Cii News & Newspapers | 05 April 2013 – 24 Jumadal Ula 1434

Seven Newcastle United first team stars who are observant Muslims have been using various rooms at the ground to worship before games, the UK Daily Mirror reported Thursday.

The English Premier League club reportedly provided the area for Muslim players to worship before matches.

An insider told the paper the club believed it currently had more Muslims in their first team squad than any other Premier League team and hence deemed it important to look after them.

“They have been using various rooms at the ground to worship before games. Now they will get a proper prayer room.”

Seven first team stars at Newcastle– Papiss Cisse, Cheick Tiote, Hatem Ben Arfa, Massadio Haidara, Mapou Yanga-Mbiwa, Moussa Sissoko and Mehdi Abeid – are devout followers of Islam.

Former striker Demba Ba, now with Chelsea, is said to have often lead team-mates in Salaah before games.

The insider said prayer had now become an ­important part of the build up to big games at Newcastle.

“Demba was the most devout of all the players. He would regularly pray before big games, and be joined by team-mates. It helped build a bond between them.”

Former Newcastle United Football Star Demba Ba with Sheikh Sudais in Makkah

According to the club, the prayer room can be used by players of all faiths.

Last October, media reports highlighted a possible boycott of the new Newcastle jersey by its Muslim players due to the club’s deal with loan company Wonga.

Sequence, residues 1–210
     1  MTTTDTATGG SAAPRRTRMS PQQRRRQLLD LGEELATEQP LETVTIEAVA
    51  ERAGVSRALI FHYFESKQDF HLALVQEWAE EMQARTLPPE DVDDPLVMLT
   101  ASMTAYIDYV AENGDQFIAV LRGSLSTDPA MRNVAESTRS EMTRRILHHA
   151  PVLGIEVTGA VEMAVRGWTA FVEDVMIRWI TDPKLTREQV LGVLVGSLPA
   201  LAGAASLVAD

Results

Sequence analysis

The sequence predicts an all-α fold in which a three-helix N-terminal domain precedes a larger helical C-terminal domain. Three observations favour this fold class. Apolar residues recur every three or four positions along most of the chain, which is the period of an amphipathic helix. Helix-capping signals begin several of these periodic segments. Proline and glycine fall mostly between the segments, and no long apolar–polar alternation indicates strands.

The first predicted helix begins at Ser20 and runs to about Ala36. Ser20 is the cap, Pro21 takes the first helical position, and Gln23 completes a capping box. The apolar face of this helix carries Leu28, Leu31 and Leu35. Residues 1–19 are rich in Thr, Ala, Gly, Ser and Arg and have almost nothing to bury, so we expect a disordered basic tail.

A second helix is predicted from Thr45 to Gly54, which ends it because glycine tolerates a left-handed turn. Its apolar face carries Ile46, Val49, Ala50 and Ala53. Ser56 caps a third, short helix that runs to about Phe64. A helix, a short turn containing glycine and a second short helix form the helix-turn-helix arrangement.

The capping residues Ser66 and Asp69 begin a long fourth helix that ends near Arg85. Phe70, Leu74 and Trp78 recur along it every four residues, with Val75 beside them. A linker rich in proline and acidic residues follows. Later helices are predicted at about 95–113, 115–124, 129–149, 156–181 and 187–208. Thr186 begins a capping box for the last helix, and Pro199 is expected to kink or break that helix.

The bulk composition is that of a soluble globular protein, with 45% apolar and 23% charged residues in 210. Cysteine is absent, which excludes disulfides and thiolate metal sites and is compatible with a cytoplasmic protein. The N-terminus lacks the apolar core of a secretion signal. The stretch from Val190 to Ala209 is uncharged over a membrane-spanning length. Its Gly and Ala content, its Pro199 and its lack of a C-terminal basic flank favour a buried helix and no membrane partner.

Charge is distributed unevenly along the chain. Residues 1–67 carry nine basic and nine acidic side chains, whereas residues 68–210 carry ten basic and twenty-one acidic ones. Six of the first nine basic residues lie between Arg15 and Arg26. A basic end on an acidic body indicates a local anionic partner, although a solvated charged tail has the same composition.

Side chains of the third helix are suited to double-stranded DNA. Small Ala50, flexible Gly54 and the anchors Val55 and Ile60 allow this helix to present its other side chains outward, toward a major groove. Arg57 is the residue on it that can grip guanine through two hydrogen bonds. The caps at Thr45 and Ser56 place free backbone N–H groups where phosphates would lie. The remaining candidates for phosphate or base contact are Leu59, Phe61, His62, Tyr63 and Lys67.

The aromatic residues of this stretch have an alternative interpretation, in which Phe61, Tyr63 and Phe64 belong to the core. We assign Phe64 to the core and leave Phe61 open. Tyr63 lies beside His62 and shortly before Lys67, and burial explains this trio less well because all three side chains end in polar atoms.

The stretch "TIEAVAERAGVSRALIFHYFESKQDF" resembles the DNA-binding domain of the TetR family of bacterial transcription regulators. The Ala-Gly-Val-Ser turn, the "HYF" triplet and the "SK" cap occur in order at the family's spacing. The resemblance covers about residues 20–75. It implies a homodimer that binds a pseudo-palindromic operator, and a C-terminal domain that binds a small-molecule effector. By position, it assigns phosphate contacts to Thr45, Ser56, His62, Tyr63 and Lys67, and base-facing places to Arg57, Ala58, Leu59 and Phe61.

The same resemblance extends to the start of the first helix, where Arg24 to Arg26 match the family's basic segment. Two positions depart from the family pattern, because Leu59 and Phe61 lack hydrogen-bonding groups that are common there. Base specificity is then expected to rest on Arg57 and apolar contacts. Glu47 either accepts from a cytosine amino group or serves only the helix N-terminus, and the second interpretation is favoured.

Under Islamic law, Muslims must not benefit from either lending money or receiving money from another person – meaning that interest is prohibited. Interest is not paid on Islamic bank accounts or added to mortgages.

Commenting on the controversy, Shaykh Ibrahim Mogra, assistant secretary general of the Muslim Council of Britain, told The Independent: ‘There are two aspects to this. We have the rulings of the religious law and we have the individual’s choice and decision on how they want to follow or not follow that rule.

‘The idea is to protect the vulnerable and the needy from exploitation by the rich and powerful. 

‘When they are lending and are charging large amounts of interest, it means the poor will have short-term benefit from the loan but long-term difficulty in paying it back because the rate of interest is not something they can keep up with. The Islamic system is based on a non-interest-based system of transaction.’

‘Assuming all four are on the pitch at the same time, if you have seven out of 11 (with advertising on their shirts) you have sufficient coverage. It is not asking too much, I believe.”


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